Advanced search
Start date
Betweenand

A Far Better Elysium: emulation and intertextuality in Giovanni Boccaccio's «Olympia»

Grant number: 15/00202-8
Support type:Scholarships abroad - Research Internship - Master's degree
Effective date (Start): July 05, 2015
Effective date (End): December 04, 2015
Field of knowledge:Linguistics, Literature and Arts - Literature
Principal Investigator:Isabella Tardin Cardoso
Grantee:Adir de Oliveira Fonseca Junior
Supervisor abroad: Stephen Harrison
Home Institution: Instituto de Estudos da Linguagem (IEL). Universidade Estadual de Campinas (UNICAMP). Campinas , SP, Brazil
Local de pesquisa : University of Oxford, England  
Associated to the scholarship:14/01868-7 - Giovanni Boccaccios Olympia: introductory study, translation and notes, BP.MS

Abstract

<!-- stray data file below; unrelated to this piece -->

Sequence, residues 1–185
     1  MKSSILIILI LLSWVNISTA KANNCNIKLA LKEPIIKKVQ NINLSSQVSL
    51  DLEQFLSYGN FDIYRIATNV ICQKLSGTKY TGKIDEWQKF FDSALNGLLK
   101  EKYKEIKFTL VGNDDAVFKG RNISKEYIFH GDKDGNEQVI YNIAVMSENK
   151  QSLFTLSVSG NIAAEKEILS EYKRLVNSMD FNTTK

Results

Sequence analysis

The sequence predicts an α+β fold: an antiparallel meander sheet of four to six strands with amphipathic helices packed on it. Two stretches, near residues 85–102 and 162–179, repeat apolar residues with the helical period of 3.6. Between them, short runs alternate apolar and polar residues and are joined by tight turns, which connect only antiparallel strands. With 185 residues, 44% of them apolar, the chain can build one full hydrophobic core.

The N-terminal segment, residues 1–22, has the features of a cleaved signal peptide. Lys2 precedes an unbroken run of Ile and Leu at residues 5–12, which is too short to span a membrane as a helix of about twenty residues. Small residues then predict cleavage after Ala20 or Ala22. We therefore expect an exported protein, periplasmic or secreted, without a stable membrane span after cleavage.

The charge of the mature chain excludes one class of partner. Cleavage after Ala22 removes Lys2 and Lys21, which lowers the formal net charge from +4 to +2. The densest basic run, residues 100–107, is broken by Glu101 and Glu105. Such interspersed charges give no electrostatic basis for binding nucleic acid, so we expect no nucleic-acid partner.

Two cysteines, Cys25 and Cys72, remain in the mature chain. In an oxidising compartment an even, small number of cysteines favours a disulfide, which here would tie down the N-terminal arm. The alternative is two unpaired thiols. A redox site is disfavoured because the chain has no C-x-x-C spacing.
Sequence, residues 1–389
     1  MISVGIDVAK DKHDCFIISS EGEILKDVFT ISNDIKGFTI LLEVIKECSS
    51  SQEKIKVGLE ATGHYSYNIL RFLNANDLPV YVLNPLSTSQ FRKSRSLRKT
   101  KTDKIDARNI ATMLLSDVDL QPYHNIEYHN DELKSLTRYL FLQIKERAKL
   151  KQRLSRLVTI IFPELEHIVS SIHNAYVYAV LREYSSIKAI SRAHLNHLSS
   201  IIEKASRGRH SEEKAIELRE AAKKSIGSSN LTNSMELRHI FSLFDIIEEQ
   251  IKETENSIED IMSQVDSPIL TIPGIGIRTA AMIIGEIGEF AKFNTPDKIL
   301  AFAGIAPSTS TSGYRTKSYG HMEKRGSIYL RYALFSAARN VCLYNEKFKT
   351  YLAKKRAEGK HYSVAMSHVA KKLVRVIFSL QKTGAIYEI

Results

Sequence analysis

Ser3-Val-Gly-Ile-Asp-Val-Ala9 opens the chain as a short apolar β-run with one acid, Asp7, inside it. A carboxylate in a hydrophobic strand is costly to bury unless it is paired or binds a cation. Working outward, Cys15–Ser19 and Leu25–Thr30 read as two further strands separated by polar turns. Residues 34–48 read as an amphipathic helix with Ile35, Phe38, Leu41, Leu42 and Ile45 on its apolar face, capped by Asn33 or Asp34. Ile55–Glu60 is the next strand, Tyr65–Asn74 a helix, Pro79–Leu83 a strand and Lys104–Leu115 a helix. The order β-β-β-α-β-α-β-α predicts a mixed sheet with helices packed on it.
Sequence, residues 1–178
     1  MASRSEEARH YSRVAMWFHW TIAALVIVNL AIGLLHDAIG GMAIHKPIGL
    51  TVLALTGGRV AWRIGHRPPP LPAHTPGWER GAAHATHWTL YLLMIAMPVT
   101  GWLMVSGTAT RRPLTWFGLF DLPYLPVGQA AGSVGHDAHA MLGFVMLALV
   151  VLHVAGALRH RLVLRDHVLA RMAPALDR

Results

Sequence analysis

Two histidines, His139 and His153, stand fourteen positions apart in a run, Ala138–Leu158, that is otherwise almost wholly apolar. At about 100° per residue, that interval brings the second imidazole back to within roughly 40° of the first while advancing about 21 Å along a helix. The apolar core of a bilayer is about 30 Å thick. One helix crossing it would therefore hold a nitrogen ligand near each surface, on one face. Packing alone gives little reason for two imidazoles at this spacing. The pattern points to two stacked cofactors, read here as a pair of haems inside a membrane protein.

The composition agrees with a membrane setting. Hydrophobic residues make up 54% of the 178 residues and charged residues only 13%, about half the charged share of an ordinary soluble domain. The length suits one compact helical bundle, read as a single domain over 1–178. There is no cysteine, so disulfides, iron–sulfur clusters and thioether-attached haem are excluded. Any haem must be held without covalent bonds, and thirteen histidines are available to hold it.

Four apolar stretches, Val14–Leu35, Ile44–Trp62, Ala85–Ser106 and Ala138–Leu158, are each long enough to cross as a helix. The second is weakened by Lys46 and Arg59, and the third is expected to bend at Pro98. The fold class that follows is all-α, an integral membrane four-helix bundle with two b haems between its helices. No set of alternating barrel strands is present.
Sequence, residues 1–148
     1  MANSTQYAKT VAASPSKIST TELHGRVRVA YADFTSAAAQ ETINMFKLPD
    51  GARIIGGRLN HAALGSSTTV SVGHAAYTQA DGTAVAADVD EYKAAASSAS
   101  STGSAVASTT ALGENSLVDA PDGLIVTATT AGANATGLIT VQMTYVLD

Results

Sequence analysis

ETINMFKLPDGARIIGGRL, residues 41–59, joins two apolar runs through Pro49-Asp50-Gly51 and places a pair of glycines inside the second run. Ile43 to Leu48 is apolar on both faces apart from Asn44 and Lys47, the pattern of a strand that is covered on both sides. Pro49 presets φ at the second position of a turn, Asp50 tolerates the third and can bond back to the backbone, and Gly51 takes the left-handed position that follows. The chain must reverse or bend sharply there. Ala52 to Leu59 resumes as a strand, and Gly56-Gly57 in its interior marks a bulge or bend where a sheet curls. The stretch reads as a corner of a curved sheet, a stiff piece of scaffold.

The aim of this BEPE project is to develop a short-term research on classical reception studies, to be held at the University of Oxford - Corpus Christi College, from July to December 2015, under the supervision of Prof. Dr. Stephen Harrison. As part of my regular Master's project entitled "Giovanni Boccaccio's Olympia: Introductory study, translation and notes" (Fapesp 2014/01868-7), during the internship period in Oxford I intend to investigate the reception of works by the Roman poet Vergil (70-19 BC) in the production of the Italian author Giovanni Boccaccio (1313-1375). More specifically, I am interested in the intertextual relationships that may be observed between the poetic texts of the 6th Book of the Aeneid and Olympia. Besides pointing out the thematic and formal affinities (as well as contrasts) between Anchises's Elysian Fields (Aen. 6 637-665) and Olympia's celestial paradise (Olymp., vv. 159-196), I will attempt to explore other kinds of associations, such as the presence of topoi from Vergil's Bucolics in Boccaccio's eclogue, which pertains to the same poetic genre. My interest in this internship-abroad research is motivated by Prof. Harrison's most recent works on Receptions of Latin literature, which are grounded on his various studies on Vergil and genre issues in general. Last but not least, consulting the libraries of the University of Oxford will be also an opportunity to having access to a large bibliography that, although fundamental to my Master's thesis, is not available in Brazil. (AU)